The new telephone building at Vineyard Haven, which is now nearing completion so far as the exterior is concerned, marks the passing of an epoch in the Island history of the telephone and the beginning of a new one.

With the completion of this building and the transfer of the offices and plant of the company to its new quarters, the common battery system will be put into operation in the towns of Vineyard Haven and Oak Bluffs, and all connections between the Vineyard Haven office and Boston will be by cable.

The introduction of the common battery system means the elimination of the necessity for ringing up the operator with a crank, a necessity which proves baffling to the summer visitor and not particularly popular with anyone.

New and additional cables will be installed next month between the junction of the state and Makoniky roads; another from Nobska Point to Falmouth; and 21,000 feet of submarine cable from Nobska Point to Makoniky, completing the circuit.

What Submarine Cable Will Carry

The submarine cable will carry 146 pairs of wires, 38 to 16 gauge and 108 of 19 gauge. Already a crew is making a thorough inspection of the existing cables to make sure that they are suitable for use under the new system, and equipment is being installed at subscribers’ stations to allow the use of the old instruments until the complete change is made.

The new building, which is being constructed by the Sawyer Construction company under the supervision of Joseph Covington, is thoroughly modern and up to date in arrangement and inside equipment, although designed outwardly to conform as nearly as possible to the type of architecture to be found in the locality.

The building fronts 45 feet on the street and is 63 feet deep, setting 16 feet back from the sidewalk. It will be approached by a brick walk. Now that it is nearing completion, the resemblance to the homes of the ancient Vineyard whaling masters can clearly be distinguished.

A basement, extending beneath the entire building, contains the heating plant, provision for hot water and the engine room for operating the battery charging plant. A large working space occupies the center adjoining the cable vault where all cables enter from the street, and ample room is left for storage of supplies, the men’s locker room and lavatory.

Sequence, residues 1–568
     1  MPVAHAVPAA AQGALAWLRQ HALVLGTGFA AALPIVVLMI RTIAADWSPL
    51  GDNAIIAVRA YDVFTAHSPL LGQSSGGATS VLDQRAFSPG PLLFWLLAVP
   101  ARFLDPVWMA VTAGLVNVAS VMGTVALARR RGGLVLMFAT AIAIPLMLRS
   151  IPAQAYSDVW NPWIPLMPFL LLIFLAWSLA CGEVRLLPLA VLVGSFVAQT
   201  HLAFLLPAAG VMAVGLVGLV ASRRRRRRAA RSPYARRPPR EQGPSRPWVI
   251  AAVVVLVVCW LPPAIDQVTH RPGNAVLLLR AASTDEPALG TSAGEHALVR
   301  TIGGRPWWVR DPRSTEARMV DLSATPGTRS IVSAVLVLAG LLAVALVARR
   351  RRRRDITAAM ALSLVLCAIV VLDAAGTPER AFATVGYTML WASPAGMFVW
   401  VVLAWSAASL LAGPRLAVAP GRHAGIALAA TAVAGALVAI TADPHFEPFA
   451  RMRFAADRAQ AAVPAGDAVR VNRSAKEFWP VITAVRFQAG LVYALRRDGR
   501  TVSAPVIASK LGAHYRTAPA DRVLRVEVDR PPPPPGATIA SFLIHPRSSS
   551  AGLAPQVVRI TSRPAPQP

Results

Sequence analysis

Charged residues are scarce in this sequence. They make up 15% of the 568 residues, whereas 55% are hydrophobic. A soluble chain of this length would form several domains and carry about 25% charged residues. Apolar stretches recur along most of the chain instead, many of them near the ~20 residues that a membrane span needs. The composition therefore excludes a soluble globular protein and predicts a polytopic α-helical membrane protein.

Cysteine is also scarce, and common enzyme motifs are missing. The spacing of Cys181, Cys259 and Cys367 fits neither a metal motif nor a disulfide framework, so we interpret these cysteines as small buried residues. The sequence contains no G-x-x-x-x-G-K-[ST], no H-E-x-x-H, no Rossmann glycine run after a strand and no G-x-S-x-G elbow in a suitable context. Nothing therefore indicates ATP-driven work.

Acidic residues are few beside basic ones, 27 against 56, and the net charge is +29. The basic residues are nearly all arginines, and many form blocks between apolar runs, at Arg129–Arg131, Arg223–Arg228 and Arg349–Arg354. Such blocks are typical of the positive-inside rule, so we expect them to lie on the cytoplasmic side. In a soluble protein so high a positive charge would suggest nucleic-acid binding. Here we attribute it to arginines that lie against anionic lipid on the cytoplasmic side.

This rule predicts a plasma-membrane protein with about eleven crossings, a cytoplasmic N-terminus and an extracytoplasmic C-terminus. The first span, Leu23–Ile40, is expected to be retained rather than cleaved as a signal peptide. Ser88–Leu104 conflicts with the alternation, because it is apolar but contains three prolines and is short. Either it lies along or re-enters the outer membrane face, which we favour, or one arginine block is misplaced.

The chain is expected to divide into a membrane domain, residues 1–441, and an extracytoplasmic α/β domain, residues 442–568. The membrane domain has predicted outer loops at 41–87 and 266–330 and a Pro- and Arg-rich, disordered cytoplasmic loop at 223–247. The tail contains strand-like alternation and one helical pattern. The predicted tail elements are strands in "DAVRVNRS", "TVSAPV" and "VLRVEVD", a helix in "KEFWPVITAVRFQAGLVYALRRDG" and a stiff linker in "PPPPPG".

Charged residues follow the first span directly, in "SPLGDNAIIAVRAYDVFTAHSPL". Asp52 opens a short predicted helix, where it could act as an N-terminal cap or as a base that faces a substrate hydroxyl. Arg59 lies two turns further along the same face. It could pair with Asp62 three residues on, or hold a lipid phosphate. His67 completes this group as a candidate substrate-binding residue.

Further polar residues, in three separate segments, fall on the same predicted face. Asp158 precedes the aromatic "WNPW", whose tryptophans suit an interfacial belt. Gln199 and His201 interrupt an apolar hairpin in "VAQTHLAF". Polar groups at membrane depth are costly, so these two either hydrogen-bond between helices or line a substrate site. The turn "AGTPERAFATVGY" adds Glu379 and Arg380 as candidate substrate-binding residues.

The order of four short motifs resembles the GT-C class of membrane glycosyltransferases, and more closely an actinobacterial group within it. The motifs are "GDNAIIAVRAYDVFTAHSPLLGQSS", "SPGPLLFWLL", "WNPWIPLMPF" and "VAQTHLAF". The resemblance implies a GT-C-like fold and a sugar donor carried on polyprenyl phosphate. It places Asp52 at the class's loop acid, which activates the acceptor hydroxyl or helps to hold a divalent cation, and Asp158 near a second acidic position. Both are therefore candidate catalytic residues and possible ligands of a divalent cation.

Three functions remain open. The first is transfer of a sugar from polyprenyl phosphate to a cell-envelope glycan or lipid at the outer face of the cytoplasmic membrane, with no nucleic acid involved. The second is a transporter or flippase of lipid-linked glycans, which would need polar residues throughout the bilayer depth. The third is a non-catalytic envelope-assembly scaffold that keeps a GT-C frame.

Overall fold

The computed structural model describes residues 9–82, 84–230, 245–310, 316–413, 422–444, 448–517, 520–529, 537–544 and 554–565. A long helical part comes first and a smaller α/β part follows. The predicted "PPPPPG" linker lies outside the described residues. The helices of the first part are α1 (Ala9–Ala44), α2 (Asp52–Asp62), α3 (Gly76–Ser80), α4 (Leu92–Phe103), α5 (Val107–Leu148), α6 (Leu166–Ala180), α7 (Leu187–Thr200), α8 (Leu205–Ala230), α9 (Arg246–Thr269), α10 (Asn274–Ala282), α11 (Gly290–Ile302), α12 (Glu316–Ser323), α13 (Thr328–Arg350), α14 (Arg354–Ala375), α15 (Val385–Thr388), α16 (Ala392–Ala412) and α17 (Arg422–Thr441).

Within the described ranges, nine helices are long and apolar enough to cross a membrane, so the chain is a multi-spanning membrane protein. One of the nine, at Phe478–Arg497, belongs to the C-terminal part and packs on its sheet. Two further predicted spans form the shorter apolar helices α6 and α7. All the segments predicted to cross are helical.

The main entrance is on the extreme right of the front and the business offices occupy the front of the building, extending to the left, the stairway to the second floor being directly ahead of the entrance. The business office is 20 by 30 feet, well lighted and with high ceiling. Public telephone facilities, desks and counters and other necessary furnishings will be installed as soon as the workmen have finished. In the rear of the office, and taking the full size of the building, is the terminal room.

This is where the cables come from the vault to the main frame and where the cables from the operating room on the second floor come to the intermediate frame. The connecting apparatus occupies virtually the entire room. The wire chief’s desk and testing board will be here.

The second floor of the building is in the form of an L, due to the style of the building’s construction. The entire front is to be occupied by the operating force. A sitting room, 14 by 20 feet, is located in the northeast corner. There are a locker room, lavatory and a hall which extends from the stairway to the operating room which occupies the entire southeast wing.

The operating room has 10 windows and a 12 foot ceiling, insuring plenty of light and air. A number eleven, common battery type of switchboard of nine positions will be installed calling for the services of about 20 operators. Including the chief operator and clerk, 12 can work at once.

The cut-over, which means the actual transfer from the old building to the new, will take place sometime in June, with about 1800 subscribers. The actual cut-over will consume from 5 to 10 seconds and there will be no noticeable interruption of service.